[aarch64-port-dev ] RFR: aarch64: minor improvements of atomic operations

Erik Österlund erik.osterlund at oracle.com
Tue Nov 12 17:38:11 UTC 2019

Hi Felix,

I was hoping to stay out of this conversation, but couldn't resist 
butting in unfortunately.
I have to agree with you - you are absolutely right. We have a mix of 
the JMM, the C++ memory model and HotSpot's memory model, which predates 
that. JMM and C++ memory model are indeed quite similar now in terms of 
semantics (yet there exists choice in implementation of it), but the old 
memory model used in HotSpot is kind of not similar. Ideally we would 
have less memory models and just go with the one used by C++/JMM, and 
then we just have to convince ourselves that the choice of 
implementation of seq_cst by the compiler is compatible to the one we 
use to implement the JMM in our JIT-compiled code. But it seems to me 
that we are not there.

Last time I discussed this with Andrew Haley, we disagreed and didn't 
really get anywhere. Andrew wanted to use the GCC intrinsics, and I was 
arguing that we should use inline assembly as a) the memory model we are 
supporting is not the same as what the intrinsic is providing, and b) we 
are relying on the implementation of the intrinsics to emit very 
specific instruction sequences to be compatible with the memory model, 
and it would be more clear if we could see in the inline assembly that 
we indeed used exactly those instructions that we expected and not 
something unexpected, which we would only randomly find out when 
disassembling the code (ahem).

Now it looks like you have discovered that we sometimes have double 
trailing dmb ish, and sometimes lacking leading dmb ish if I am reading 
this right. That seems to make the case stronger, that by looking at the 
intrinsic calls, it's not obvious what instruction sequence will be 
emitted, and whether that is compatible with the memory model it is 
implementing or not, and you really have to disassemble it to find out 
what we actually got. And it looks like what we got is not at all what 
we wanted.

My hope is that the AArch64 port should use inline assembly as you 
suggest, so we can see that the generated code is correct, as we wait 
for the glorious future where all HotSpot code has been rewritten to 
work with seq_cst (and we are *not* there now).

Having said that, now I will try to go and hide in a corner again...


On 2019-11-12 13:14, Yangfei (Felix) wrote:
>> -----Original Message-----
>> From: Yangfei (Felix)
>> Sent: Tuesday, November 12, 2019 8:03 PM
>> To: 'Andrew Dinn' <adinn at redhat.com>; Andrew Haley <aph at redhat.com>;
>> aarch64-port-dev at openjdk.java.net
>> Cc: hotspot-dev at openjdk.java.net
>> Subject: RE: [aarch64-port-dev ] RFR: aarch64: minor improvements of atomic
>> operations
>>> -----Original Message-----
>>> From: Andrew Dinn [mailto:adinn at redhat.com]
>>> Sent: Tuesday, November 12, 2019 5:42 PM
>>> To: Andrew Haley <aph at redhat.com>; Yangfei (Felix)
>>> <felix.yang at huawei.com>; aarch64-port-dev at openjdk.java.net
>>> Cc: hotspot-dev at openjdk.java.net
>>> Subject: Re: [aarch64-port-dev ] RFR: aarch64: minor improvements of
>>> atomic operations
>>> On 12/11/2019 09:25, Andrew Haley wrote:
>>>> On 11/12/19 8:37 AM, Yangfei (Felix) wrote:
>>>>> This has been discussed somewhere before:
>>>>> https://patchwork.kernel.org/patch/3575821/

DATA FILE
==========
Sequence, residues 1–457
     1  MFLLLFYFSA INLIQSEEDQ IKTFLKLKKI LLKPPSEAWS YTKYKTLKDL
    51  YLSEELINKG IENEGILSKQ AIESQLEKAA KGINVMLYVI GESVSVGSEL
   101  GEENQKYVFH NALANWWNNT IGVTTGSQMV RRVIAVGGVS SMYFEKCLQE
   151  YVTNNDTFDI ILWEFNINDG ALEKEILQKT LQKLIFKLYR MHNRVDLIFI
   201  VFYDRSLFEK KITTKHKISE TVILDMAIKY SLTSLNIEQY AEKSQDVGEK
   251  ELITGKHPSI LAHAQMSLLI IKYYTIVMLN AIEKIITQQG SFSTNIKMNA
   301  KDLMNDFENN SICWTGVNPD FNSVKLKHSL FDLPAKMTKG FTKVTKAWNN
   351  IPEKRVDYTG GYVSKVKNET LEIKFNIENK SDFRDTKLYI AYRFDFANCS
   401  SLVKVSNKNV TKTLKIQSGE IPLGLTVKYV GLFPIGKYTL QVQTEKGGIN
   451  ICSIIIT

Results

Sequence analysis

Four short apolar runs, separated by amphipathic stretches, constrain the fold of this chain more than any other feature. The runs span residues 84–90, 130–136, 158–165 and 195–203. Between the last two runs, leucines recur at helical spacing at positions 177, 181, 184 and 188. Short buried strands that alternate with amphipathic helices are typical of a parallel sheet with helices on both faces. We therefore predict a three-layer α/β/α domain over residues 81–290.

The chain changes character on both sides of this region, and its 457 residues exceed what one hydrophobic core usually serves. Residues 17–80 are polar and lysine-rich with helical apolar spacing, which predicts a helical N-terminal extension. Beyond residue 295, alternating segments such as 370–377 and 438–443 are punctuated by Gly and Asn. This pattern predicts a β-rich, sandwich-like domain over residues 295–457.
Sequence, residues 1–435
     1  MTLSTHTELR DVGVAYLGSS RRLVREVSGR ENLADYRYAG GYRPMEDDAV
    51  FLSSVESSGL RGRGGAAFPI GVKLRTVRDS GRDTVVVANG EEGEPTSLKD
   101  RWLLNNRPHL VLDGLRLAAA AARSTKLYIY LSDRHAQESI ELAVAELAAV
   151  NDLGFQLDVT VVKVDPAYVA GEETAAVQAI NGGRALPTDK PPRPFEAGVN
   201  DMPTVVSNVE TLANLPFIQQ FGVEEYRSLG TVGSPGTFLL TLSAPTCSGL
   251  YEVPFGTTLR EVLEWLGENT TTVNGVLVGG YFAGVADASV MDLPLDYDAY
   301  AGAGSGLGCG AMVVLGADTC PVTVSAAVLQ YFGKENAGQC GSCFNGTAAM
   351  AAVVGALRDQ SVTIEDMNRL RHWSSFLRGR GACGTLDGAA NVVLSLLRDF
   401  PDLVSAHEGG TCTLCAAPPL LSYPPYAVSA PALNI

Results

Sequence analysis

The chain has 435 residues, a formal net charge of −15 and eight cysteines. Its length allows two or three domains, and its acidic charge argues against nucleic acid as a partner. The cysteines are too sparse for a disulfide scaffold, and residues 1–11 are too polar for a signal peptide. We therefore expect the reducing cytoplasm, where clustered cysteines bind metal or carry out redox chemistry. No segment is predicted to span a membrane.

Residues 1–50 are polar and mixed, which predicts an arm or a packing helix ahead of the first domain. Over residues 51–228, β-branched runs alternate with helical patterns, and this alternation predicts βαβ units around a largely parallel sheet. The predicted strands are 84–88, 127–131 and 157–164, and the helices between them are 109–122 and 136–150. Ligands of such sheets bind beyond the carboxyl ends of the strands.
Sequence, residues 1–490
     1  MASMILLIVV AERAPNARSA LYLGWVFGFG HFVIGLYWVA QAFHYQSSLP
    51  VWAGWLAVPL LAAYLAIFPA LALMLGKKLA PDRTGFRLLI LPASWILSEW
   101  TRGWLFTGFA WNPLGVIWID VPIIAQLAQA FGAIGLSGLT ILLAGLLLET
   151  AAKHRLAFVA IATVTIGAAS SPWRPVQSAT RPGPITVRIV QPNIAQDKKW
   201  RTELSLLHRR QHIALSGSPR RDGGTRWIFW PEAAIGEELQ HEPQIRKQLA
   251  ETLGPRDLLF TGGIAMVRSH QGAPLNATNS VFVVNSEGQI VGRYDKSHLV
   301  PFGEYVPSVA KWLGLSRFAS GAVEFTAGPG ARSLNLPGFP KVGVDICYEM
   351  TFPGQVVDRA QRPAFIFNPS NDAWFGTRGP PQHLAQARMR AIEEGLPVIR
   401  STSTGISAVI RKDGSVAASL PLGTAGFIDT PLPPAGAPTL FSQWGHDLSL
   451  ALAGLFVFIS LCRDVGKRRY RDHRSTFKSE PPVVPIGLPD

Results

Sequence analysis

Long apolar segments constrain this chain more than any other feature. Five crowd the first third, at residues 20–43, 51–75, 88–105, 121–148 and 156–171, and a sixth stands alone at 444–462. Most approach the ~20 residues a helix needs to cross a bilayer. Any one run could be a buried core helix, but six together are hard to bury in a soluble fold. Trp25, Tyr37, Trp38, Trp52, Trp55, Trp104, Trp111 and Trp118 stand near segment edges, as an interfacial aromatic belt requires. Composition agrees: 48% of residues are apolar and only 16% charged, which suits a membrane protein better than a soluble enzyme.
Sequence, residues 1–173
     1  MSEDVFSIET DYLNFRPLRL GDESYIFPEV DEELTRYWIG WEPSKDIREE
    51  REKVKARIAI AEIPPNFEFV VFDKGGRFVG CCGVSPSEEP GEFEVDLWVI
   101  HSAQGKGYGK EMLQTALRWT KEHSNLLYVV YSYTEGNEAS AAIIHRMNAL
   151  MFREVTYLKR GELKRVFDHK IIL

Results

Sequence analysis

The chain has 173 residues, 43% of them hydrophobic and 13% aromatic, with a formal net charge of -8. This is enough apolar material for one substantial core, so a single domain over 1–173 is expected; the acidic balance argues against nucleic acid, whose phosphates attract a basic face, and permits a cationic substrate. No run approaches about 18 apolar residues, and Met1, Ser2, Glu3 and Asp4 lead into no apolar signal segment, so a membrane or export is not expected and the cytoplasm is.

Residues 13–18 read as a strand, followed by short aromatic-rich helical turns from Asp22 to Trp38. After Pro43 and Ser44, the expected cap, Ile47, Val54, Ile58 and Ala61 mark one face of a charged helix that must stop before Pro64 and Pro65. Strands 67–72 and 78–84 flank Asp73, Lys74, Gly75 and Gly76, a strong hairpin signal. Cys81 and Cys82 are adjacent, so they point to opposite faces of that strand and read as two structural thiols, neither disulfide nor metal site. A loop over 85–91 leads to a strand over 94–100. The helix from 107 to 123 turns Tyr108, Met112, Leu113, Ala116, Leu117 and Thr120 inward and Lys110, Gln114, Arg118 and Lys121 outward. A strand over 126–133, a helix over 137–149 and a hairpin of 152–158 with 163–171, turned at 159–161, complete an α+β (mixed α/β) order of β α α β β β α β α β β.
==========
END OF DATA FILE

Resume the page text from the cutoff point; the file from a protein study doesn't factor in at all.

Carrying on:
>>>>> Let's keep the current status for safe.
>>>> Yes.
>>>> It's been interesting to see the progress of this patch. I don't
>>>> think it's the first time that someone has been tempted to change
>>>> this code to make it "more efficient".
>>>> I wonder if we could perhaps add a comment to that code so that it
>>>> doesn't happen again. I'm not sure exactly what the patch should say
>>>> beyond "do not touch". Perhaps something along the lines of "Do not
>>>> touch this code unless you have at least Black Belt, 4th Dan in
>>>> memory ordering."  :-)
>>>> More seriously, maybe simply "Note that memory_order_conservative
>>>> requires a full barrier after atomic stores. See
>>>> https://patchwork.kernel.org/patch/3575821/"
>>> Yes, that would be a help. It's particularly easy to get confused here
>>> because we happily omit the ordering of an stlr store wrt subsequent
>>> stores when the strl is implementing a Java volatile write or a Java cmpxchg.
>>> So, it might be worth adding a rider that implementing the full
>>> memory_order_conservative semantics is necessary because VM code
>>> relies on the strong ordering wrt writes that the cmpxchg is required to
>> provide.
>> I also suggest we implement these functions with inline assembly here.
>> For Atomic::PlatformXchg, we may issue two consecutive full memory barriers
>> with the current status.
>> I used GCC 7.3.0 to compile the following function:
>> $ cat test.c
>> long foo(long add_value, long volatile* dest, long exchange_value) {
>>    long val = __sync_lock_test_and_set(dest, exchange_value);
>>    __sync_synchronize();
>>    return val;
>> }
>> $ cat test.s
>>          .arch armv8-a
>>          .file   "test.c"
>>          .text
>>          .align  2
>>          .p2align 3,,7
>>          .global foo
>>          .type   foo, %function
>> foo:
>> .L2:
>>          ldxr    x0, [x1]
>>          stxr    w3, x2, [x1]
>>          cbnz    w3, .L2
>>          dmb     ish           < ========
>>          dmb     ish           < ========
>>          ret
>>          .size   foo, .-foo
>>          .ident  "GCC: (GNU) 7.3.0"
>>          .section        .note.GNU-stack,"", at progbits
> Also this is different from the following sequence (stxr instead of stlxr).
> 	<Access [A]>
> 	// atomic_op (B)
> 1:	ldxr	x0, [B]		// Exclusive load
> 	<op(B)>
> 	stlxr	w1, x0, [B]	// Exclusive store with release
> 	cbnz	w1, 1b
> 	dmb	ish		// Full barrier
> 	<Access [C]>
> I think the two-way memory barrier may not be ensured for this case.
> Felix

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